Folks in Utah are rarely known to be “elbow benders” or “bar hoppers.” But evidently, come Christmas, those in the Beehive State who drink do more of it, according to cherrydigitalcontent.com.
A survey of 3,000 drinkers ages 21 and over by Addiction-Treatment.com, a leading provider of alcohol addiction rehabilitation resources, found that the average Utahn drinks for four days in a row over the holiday season, without having a day off.
Cherrydigital also concluded that Utah’s favorite drink for the holidays was not hot chocolate, but eggnog — with a kick.
“The idea of a milky, alcoholic drink with eggs in it dates back to a medieval British drink called 'posset,'” writes Elizabeth Dias for Time magazine. “By the 13th century, monks were known to drink a posset with eggs and figs. Milk, eggs and sherry were foods of the wealthy, so eggnog was often used in toasts to prosperity and good health.”
Those expensive ingredients made eggnog a drink of the wealthy in Britain, Dias writes, but in America it became more common — and became associated with rum. Coming from the Caribbean, she explains, rum wasn’t taxed as heavily as European spirits like brandy.
George Washington even got in on the action. His recipe suggests that the founding father had a strong stomach. He forgot to specify how many eggs should be used in it, Dias writes, but cooks of that time thought a dozen or so would be good. Washington’s recipe includes the usual ingredients — sugar, milk, cream, eggs — but adds one pint of brandy, half a pint of rye, half a pint of rum and a quarter pint of sherry to the mix.
“Today, this decadent holiday classic is made with heavy cream or milk, raw eggs, sugar, spices like nutmeg, cinnamon and/or vanilla, and light rum,” according to cherrydigital.
It appears Utahns love a classic; second on the drinking list was good ol’ whiskey.
While a fun and possibly captivating bit of news, some residents might dispute the numbers, particularly in Utah County where over 82% are members of The Church of Jesus Christ of Latter-day Saints and adhere to the practices of not drinking “strong drink” as referred to in the Word of Wisdom. And then there are those who just choose not to imbibe.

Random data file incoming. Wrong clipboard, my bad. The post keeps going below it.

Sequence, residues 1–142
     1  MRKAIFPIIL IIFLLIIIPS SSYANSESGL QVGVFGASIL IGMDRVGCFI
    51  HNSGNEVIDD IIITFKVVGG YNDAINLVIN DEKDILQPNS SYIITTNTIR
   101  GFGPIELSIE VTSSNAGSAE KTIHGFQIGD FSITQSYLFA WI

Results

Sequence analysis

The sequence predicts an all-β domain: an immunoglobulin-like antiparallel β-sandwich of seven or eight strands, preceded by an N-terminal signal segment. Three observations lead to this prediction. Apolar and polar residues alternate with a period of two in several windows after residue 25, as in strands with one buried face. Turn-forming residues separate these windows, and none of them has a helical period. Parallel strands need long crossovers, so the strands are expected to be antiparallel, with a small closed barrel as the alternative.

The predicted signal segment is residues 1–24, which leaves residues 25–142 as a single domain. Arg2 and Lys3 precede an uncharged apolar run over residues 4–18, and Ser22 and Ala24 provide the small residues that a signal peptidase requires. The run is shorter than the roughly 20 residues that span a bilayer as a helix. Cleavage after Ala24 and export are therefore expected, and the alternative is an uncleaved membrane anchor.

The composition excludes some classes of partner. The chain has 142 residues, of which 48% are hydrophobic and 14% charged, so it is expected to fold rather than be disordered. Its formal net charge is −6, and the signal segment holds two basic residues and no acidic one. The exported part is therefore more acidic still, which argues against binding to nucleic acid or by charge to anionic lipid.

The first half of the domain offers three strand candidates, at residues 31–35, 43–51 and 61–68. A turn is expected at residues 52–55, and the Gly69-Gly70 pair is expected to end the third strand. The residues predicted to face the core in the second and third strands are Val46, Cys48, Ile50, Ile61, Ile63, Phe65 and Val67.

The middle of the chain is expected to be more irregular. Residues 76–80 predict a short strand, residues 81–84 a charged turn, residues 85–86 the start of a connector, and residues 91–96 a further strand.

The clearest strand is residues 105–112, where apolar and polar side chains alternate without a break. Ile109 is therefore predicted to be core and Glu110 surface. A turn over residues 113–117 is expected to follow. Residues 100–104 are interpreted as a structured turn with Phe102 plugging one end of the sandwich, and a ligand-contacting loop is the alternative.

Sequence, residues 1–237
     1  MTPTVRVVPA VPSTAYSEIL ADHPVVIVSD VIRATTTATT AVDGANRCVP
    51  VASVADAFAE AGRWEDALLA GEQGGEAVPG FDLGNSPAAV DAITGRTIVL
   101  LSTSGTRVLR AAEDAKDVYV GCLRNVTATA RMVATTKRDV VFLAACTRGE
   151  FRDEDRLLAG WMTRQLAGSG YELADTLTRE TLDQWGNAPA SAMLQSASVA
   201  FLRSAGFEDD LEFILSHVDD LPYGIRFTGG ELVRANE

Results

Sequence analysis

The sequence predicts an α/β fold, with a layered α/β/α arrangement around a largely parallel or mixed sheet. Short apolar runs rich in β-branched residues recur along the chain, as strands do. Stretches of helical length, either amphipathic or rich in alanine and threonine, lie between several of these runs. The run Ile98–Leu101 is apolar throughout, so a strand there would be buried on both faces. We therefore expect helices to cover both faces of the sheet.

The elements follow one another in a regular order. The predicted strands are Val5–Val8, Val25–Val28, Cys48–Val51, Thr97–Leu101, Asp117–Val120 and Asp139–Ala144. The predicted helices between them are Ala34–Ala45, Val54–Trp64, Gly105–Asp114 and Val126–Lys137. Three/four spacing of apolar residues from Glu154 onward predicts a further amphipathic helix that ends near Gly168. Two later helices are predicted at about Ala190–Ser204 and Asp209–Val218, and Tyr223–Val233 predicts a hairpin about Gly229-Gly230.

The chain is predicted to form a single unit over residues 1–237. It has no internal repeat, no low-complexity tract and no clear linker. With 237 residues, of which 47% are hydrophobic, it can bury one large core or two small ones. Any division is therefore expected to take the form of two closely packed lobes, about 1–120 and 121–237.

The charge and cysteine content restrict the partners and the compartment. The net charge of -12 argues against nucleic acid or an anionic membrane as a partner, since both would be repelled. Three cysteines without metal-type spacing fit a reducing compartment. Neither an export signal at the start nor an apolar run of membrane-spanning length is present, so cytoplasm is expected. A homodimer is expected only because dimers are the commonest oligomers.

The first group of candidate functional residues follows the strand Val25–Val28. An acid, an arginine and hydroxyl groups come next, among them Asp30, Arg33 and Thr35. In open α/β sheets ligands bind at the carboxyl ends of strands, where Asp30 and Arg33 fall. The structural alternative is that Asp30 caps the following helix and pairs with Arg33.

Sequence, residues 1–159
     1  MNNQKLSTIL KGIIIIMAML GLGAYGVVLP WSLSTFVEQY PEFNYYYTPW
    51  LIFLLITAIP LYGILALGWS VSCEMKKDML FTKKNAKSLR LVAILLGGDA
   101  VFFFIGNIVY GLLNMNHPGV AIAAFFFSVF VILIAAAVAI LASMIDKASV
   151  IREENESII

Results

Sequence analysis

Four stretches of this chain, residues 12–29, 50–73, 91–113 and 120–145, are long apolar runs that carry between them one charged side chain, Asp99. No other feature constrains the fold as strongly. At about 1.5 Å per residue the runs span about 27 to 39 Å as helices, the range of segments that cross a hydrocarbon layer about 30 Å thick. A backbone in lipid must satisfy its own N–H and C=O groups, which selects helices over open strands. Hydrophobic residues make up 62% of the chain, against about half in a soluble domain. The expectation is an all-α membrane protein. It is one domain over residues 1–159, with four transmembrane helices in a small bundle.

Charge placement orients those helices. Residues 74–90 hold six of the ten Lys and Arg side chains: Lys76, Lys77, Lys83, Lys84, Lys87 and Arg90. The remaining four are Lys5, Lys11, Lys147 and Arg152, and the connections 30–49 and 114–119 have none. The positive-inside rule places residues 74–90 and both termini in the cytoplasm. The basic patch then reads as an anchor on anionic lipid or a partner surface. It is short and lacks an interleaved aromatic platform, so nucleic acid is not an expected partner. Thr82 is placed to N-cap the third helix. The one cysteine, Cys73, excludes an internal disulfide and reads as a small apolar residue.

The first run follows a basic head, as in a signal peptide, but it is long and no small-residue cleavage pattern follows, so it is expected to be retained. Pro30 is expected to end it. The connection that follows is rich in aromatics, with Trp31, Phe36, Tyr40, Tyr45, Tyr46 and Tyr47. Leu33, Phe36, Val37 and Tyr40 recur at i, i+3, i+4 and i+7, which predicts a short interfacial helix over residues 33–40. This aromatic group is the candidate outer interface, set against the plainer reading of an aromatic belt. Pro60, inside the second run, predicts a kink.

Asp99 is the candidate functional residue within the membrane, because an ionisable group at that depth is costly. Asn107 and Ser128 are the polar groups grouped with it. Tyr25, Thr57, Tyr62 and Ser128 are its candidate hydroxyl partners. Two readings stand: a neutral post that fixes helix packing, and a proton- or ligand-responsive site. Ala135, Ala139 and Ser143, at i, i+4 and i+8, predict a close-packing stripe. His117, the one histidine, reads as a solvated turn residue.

Utah County is the home to Brigham Young University, which has been known for years as the most “stone cold sober” university in the United States.
At any rate, cherrydigital’s survey came up with these tipsy tidbits:
“It was also found that nearly half (42%) Americans say they consider drinking at Christmas to be a family tradition. Additionally, a third (35%) say they gift booze to loved ones over the holidays,” the online survey said.
The survey continues, “Especially after the challenging year many of us have had, it may be easy to become caught up in the boozy festivities this holiday season. A quarter (24%) of respondents also admitted they often spike their morning joe with alcohol during the holidays.”
The survey also found that 16% of respondents say they are concerned about their loved ones’ drinking habits these holidays following the stress brought on by the coronavirus pandemic.
“Being surrounded by loved ones who are indulging in drinking and celebrating may create a high-risk environment for people in recovery,” according to cherrydigital. “Combined with increased stress and anxiety levels due to the pandemic, this Christmas could be even more challenging for some.”
“Lockdown, social isolation, working from home ... this year has been a tough one for many of us. For some, what better way to lift our spirits than to ring in the holiday cheer by saying three cheers to the final days of 2020?” the survey suggests.
Sugar cookies, mulled wine, eggnog and spiced apple cider — many can already smell the mouth-watering Christmas aromas. Coupled with all the warm, hearty meals in between, it can be hard to resist a celebratory cocktail during the festive season, according to the survey.
Broken down across the country, those in Washington and Idaho drink for the longest string of time in a row — six days. Comparatively, people in Hawaii, Louisiana, New Hampshire and West Virginia seem to have a more sober season, drinking for just two days in a row over the holidays, without a break.
"This year has presented a great deal of challenges for many, and the idea of indulging in a holiday cocktail is something people are looking forward to,” said Theresa Dunaway, director of nursing at Oxford Treatment Center and spokesperson for Alcohol.org. “But safety must be kept in mind.”
Dunaway added, “There are more alcohol-related accidents during the holiday season than during any other time of the year, and due to the spread of the virus, newly implemented COVID-19 safety measures must be adhered to.” The holiday season is a time for enjoyment, but it must take place safely and responsibly.